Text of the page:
There’s a lot of genderspeak going on, especially with the current political and election climate warming up. When you carry around one of those “woman cards,” you’ve probably been slighted from time to time because of your gender. So it won’t come as much surprise that because of your woman card you also have a more difficult time with alcohol and your BAC. Even though equality is making headlines, your ability to metabolize alcohol comes down to your female physiology. Once again, we’ve got our work cut out for us.
Drinking alcohol, whether socially or to excess, isn’t a gender-specific issue. Nor is drinking and driving, as there are more female DUI offenders than ever before. A woman’s blood alcohol concentration (BAC) is just different than a man’s, according to science. So, when a female tries to keep up with her male counterparts during happy hour, she is at a higher risk for a DUI, ignition interlock requirement and the legal issues that follow. Not to mention the physiology that keeps a woman’s BAC higher also puts us at higher risk for other health complications from drinking alcohol.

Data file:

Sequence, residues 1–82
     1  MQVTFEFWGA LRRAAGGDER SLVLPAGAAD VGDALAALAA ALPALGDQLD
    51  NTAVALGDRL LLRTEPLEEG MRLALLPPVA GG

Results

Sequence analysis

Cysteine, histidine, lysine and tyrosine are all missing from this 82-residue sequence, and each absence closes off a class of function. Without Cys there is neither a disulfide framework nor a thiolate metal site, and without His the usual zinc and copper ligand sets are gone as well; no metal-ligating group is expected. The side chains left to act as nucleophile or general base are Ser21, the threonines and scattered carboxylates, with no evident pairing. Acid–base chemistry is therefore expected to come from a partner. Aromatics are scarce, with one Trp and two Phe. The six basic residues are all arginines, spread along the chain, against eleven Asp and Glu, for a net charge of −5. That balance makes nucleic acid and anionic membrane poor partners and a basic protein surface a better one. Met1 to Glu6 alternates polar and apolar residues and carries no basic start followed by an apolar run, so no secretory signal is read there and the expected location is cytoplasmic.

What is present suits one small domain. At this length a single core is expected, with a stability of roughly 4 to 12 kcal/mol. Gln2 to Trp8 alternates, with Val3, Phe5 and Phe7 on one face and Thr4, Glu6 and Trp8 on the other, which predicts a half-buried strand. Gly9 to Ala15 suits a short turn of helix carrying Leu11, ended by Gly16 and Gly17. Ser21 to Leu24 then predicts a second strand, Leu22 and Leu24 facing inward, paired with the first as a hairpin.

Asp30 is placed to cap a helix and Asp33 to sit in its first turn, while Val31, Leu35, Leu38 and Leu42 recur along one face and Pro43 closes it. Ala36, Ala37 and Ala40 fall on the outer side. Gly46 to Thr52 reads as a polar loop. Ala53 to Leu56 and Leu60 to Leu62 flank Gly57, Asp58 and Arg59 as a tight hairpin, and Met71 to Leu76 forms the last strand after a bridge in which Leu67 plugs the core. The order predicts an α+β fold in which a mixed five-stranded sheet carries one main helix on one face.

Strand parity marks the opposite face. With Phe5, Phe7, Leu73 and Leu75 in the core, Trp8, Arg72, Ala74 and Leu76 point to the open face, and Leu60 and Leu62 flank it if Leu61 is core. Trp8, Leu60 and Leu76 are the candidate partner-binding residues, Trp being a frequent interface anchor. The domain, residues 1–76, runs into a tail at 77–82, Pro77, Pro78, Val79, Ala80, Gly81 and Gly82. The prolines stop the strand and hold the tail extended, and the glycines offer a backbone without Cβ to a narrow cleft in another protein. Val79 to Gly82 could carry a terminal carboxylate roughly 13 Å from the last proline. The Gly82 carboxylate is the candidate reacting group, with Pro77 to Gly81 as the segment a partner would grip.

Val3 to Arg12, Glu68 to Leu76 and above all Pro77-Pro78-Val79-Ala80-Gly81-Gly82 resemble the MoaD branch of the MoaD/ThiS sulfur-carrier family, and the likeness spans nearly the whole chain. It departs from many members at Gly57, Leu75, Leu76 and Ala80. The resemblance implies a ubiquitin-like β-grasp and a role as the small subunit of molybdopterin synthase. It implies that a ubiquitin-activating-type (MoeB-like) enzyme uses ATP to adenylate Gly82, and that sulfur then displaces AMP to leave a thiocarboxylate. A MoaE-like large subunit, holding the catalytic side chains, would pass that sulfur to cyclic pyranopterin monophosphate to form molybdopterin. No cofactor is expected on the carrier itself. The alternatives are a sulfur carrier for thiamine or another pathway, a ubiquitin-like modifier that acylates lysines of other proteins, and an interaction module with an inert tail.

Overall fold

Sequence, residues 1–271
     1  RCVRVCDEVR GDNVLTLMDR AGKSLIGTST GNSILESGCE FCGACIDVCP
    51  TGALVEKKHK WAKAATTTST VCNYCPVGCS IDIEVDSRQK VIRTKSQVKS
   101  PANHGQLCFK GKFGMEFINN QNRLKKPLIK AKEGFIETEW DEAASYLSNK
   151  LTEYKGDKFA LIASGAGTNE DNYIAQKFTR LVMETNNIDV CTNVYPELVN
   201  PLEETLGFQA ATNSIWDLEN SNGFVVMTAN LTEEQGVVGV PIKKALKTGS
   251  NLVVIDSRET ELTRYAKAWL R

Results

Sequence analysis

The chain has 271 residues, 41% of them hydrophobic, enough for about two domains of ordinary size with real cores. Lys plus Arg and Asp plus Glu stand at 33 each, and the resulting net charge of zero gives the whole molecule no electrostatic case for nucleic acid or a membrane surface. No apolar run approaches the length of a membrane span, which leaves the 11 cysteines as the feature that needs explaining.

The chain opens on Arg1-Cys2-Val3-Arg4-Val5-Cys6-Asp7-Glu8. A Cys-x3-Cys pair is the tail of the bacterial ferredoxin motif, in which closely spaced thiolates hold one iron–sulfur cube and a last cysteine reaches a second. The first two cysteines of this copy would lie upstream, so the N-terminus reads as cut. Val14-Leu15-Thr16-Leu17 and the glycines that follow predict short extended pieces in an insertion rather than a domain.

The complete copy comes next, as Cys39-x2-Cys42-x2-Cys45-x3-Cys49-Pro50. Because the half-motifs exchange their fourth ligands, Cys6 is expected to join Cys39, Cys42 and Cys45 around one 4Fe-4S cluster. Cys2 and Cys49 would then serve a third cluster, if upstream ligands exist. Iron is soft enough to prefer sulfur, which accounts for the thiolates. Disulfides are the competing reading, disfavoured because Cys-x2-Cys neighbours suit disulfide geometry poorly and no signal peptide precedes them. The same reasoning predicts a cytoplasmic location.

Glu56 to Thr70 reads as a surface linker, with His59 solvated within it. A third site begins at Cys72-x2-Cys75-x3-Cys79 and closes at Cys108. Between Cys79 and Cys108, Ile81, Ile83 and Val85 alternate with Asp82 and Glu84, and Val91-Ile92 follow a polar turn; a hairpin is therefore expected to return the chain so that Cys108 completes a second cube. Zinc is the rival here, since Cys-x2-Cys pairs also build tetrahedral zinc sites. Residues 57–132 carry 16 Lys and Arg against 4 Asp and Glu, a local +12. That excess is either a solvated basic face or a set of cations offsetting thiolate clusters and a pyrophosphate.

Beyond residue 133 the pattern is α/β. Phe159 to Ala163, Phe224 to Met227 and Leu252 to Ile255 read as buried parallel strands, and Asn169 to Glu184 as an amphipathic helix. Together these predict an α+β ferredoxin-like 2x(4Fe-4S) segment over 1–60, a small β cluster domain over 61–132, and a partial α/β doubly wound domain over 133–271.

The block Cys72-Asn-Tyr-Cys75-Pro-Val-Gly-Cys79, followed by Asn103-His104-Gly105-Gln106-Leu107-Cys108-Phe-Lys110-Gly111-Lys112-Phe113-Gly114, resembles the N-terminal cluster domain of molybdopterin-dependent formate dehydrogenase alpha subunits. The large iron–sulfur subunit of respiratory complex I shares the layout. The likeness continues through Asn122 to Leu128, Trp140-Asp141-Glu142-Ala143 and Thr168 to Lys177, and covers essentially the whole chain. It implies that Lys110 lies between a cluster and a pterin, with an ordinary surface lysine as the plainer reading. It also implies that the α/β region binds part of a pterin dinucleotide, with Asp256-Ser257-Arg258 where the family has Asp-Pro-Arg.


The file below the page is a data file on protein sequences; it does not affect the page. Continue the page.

Our woman card also doesn’t keep a female from facing the legal and logistical issues that occur after a DUI. Ignition interlock devices, for example, do not discriminate between a woman’s BAC sample and that of a man’s. If either gender blows above the pre-set limit, the vehicle will not start. The difference is that it takes far fewer drinks for a woman to reach that BAC than it does a man. The penalties and the risks are the same.
There is a lot of gender disparity when it comes to alcohol, even in recovery programs like Alcohol Anonymous. But, one thing that doesn’t change is that it is dangerous to drink and drive, no matter your physiology or the gender you identify with. Playing your woman card ultimately means that while you watch your BAC, you plan a safe ride home if you’ll be drinking with the boys, the girls or any combination thereof.